Each data point in Fig. 3(a) is an average over all six rings, with error bars reflecting both the roughly 5% variation from ring to ring and the estimated 0.05 s measurement error in the circulation period. The maximum circulation rate, , attained at the highest operating power of our SLM, , corresponds to a circumferential speed of . No-slip boundary conditions at the spheres' surfaces ensure that the fluid at each vortex's rim also flows at this speed.
The flow field elsewhere in the system can be approximated by the superposition of flow fields due to point forces, known as stokeslets (16), arranged in a ring of radius a distance below a plane wall. Ensuring that the flow vanishes on the wall requires us to account for the stokeslets' hydrodynamic images in the wall (17). Accounting for the drag due to the second wall would require a substantially more sophisticated analysis (16); (18) and does not substantially affect the leading-order behavior (19). The azimuthal component of a single stokeslet ring's wall-corrected far-field flow at radius from the core and at height below the wall scales as
to lowest order in . We can apply this result to our experimental data by identifying the spheres' observed circumferential speed with for spheres substantially smaller than . This prefactor automatically includes all optical and drag-induced effects. In the same approximation, the net flow along the channel is the superposition of single-ring flows, with inter-ring coupling also accounted for by . Given the arrangement of rings in our system, we anticipate a peak axial flow speed of .
We gauge by tracking particles that wander into the shadow of the linear beam block along the pump's axis. The result, plotted in Fig. 3(b), reaches at , as predicted by Eq. (1). This compares favorably with the performance of actively actuated optical peristaltic pumps (3) and has the added benefit that the pumping structure and its action are all encoded in a single static phase pattern that can be implemented with a low-cost microfabricated diffractive optical element.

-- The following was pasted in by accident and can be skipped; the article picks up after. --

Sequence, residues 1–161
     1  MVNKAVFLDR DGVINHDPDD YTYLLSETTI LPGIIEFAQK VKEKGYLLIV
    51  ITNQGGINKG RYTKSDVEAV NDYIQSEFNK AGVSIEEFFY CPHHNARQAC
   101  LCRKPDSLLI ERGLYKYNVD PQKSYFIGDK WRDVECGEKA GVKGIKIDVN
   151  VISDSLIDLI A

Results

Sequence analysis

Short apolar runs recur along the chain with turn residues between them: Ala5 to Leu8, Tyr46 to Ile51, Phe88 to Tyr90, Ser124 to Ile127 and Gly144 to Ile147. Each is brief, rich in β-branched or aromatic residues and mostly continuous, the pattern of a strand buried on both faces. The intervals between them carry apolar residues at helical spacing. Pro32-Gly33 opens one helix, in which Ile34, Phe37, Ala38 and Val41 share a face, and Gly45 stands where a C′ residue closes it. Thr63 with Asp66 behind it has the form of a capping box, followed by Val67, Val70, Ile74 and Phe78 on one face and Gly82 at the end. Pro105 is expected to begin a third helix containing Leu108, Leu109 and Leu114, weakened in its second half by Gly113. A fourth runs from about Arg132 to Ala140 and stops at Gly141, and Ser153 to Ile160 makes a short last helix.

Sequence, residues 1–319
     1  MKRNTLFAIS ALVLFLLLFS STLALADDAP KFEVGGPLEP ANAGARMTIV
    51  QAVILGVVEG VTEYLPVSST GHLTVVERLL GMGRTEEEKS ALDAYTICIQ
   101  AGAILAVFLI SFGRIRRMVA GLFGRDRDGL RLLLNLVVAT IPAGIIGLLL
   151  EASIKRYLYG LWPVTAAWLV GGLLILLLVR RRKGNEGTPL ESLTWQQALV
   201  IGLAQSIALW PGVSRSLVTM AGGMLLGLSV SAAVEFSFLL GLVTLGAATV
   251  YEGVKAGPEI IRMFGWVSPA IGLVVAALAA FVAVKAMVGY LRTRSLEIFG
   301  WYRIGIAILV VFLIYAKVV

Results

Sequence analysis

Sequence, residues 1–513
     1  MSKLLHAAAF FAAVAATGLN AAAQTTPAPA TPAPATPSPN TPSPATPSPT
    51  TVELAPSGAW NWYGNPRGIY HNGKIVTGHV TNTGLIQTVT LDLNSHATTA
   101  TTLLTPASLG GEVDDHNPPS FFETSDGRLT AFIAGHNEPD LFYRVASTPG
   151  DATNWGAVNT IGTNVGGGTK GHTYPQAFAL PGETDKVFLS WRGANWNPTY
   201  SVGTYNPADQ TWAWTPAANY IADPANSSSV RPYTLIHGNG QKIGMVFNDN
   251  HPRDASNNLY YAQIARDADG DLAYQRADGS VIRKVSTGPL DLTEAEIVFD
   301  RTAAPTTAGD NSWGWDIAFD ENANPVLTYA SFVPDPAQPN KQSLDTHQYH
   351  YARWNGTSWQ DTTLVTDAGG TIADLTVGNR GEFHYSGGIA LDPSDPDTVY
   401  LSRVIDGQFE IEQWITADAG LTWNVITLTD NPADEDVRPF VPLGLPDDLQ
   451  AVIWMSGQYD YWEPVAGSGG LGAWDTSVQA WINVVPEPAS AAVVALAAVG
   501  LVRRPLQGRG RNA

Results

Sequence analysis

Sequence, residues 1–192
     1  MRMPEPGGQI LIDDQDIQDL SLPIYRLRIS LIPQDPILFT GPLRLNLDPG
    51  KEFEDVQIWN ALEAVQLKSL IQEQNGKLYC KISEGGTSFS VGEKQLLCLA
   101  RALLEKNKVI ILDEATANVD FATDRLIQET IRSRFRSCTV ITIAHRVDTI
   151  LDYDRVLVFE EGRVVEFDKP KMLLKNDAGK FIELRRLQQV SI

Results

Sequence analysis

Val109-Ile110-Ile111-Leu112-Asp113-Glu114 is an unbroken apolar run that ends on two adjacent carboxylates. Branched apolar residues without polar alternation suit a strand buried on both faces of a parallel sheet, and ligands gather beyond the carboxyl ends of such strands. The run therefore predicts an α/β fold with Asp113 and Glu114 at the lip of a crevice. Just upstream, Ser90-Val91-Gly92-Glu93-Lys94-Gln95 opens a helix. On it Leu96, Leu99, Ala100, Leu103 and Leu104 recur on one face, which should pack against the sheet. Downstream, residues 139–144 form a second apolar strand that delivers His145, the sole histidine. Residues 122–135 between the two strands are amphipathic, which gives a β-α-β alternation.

The comparatively low opto-mechanical efficiency of our implementation can be ascribed to two effects, both of which reflect practical rather than fundamental limitations. The first is the relatively low efficiency of our optical train, in which only 20 percent of the laser power is actually projected into the sample in the desired mode. The pixellated SLM, furthermore, cannot encode the continuous phase modulation required to create an ideal optical vortex. As a result, the circumference of each ring suffers from an -fold intensity modulation that establishes a corrugated potential energy landscape (11). These corrugations deepen as the laser power increases to the point that a single sphere stops circulating altogether. Single-vortex measurements (11) suggest that the pump would stall at . Below this threshold, the corrugations increase the effective drag on the spheres, and may diminish the circulation rate by as much as 90 percent (11). Creating holographic microoptomechanical pumps with more refined phase masks in higher-efficiency optical trains therefore should yield substantial efficiency gains.
Loading an optical vortex with multiple spheres offers several benefits for optomechanical drive. Each sphere captures some of the orbital angular momentum flux from the light, and thereby contributes to the linear momentum transferred to the water. Furthermore, collisions among densely trapped spheres helps to minimize the deleterious effects of intensity corrugations and hot spots. Adding too many spheres, however, can jam the pump.
More nuanced and efficient diffractive optical elements would facilitate creating larger and more sophisticated pumping configurations. This suggests opportunities for creating dynamically reconfigured microfluidic systems without physical walls. Also, the chemically synthesized colloidal particles used in our demonstration could be replaced by micromachined gears. Optical vortices trained on the gears' teeth would set them spinning, thereby creating optically driven gear pumps. All of this functionality can be applied to three-dimensional devices by further transforming the helical modes used in this study into self-healing diffractionless Bessel beams (20); (21).
We are grateful for helpful interactions with Brian Koss and Jennifer Curtis This work was supported by the National Science Foundation under Grant Number DMR-0304906.